The stratigraphy and carbonate environments of the Lincolnshire Limestone Formation (Bajocian) in Lincolnshire and parts of Leicestershire
Thesis or dissertation
- © 1977 Michael Ashton. All rights reserved. No part of this publication may be reproduced without the written permission of the copyright holder.
The Lincolnshire Limestone Formation (Bajocian) of eastern England has been studied from three standpoints: biostratigraphy, lithostratigraphy
and environmental analysis. New discoveries and a revision of earlier ammonte finds have permitted a re-assessment of the formation's age relative to the standard Jurassic ammonite zonal scheme. Three distinct ammonite faunas, representative of the discites Zone, and ovalis and laeviuscula Subzones of the laeviuscula Zone, have been recognised. It has therefore been possible, for the first time, to subdivide the formation on the basis of its ammonite faunas. As neither the lowest nor highest lithostratigraphic units have so far yielded any ammonites, the minimum and maximum ages of the Lincolnshire Limestone remain unresolved.
The lithostratigraphy of the formation has been completely revised and eleven "formalised" members proposed: Sproxton, Greetwell, lsadenham, Lincoln, Scottlethorpe, Lindsey Shale, Metheringham, Blankney, Castle Bytham, Sleaford and Creeton. The base of the Lincoln Member is considered to be of fundamental importance in the internal correlation of the formation. It has been used as the datum level for all correlations. As the boundary between the ammonite faunas indicative of the discites and laeviuscula Zones appears to coincide with the base of the Lincoln Member, it may well be a significant biostratigraphic, as well as lithostratigraphic divide. Although less certain on present evidence, the base of the Sleaford Member may also prove to be an important biostratigraphic boundary, separating the ammonite fauna of the ovalis and laeviuscula Subzones of the laeviuscula Zone.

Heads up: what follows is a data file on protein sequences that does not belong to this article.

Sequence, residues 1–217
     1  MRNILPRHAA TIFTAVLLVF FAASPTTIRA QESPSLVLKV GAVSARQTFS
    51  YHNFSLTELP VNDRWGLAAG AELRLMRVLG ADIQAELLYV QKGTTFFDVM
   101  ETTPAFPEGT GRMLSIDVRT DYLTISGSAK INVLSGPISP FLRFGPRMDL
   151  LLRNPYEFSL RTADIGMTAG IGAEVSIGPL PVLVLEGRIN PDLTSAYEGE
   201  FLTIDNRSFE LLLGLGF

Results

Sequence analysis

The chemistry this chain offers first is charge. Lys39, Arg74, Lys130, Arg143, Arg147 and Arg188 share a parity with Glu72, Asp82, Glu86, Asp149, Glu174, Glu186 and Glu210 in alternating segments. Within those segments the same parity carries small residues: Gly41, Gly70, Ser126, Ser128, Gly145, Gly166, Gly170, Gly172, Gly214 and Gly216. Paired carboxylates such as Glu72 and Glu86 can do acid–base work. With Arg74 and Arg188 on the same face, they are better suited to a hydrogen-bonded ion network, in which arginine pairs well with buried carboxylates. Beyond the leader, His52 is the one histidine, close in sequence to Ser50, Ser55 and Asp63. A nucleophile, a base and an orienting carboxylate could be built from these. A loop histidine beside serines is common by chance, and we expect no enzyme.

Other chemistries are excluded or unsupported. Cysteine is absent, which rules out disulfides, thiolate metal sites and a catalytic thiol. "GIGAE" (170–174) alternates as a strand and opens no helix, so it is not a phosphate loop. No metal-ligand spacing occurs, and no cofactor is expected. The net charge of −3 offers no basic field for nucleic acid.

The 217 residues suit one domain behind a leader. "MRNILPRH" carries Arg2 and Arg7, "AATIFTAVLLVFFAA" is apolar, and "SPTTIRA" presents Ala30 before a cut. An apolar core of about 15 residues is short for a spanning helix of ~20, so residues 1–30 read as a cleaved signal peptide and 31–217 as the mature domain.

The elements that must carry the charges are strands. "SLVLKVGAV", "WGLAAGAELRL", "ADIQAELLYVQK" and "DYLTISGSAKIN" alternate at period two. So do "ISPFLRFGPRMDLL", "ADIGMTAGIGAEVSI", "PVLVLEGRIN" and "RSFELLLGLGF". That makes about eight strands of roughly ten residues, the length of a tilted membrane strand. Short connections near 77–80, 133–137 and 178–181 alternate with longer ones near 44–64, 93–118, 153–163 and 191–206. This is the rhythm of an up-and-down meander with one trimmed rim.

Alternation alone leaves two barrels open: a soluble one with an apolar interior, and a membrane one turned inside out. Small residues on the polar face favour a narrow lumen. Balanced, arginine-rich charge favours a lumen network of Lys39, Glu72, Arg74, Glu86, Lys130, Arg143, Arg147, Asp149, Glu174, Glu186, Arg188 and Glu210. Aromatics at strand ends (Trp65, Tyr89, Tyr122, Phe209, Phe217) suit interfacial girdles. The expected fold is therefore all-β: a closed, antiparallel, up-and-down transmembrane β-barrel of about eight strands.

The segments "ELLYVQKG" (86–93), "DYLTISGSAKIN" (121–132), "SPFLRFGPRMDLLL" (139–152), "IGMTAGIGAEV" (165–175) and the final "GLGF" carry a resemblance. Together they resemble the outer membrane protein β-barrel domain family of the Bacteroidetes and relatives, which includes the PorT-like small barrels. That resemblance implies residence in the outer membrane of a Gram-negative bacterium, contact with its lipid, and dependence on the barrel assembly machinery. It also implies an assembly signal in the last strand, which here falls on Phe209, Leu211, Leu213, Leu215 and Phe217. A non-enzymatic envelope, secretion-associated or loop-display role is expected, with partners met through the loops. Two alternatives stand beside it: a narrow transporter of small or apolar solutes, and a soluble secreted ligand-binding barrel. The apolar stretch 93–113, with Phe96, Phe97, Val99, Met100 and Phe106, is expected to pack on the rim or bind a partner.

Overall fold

Analysis of both sedimentological and faunal criteria has permitted a number of environments to be recognised. In broad terms the transgressive Lincolnshire Limestone sequence has prograding tidal-flat rhythms and "lagoonal" deposits erosively overlain by barrier-complex sediments. Various sub-environments, including barrier-inlet channels and barrier-island sediments, have been recognised within the barrier-complex.
- Department of Geology, The University of Hull
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- University of Newcastle
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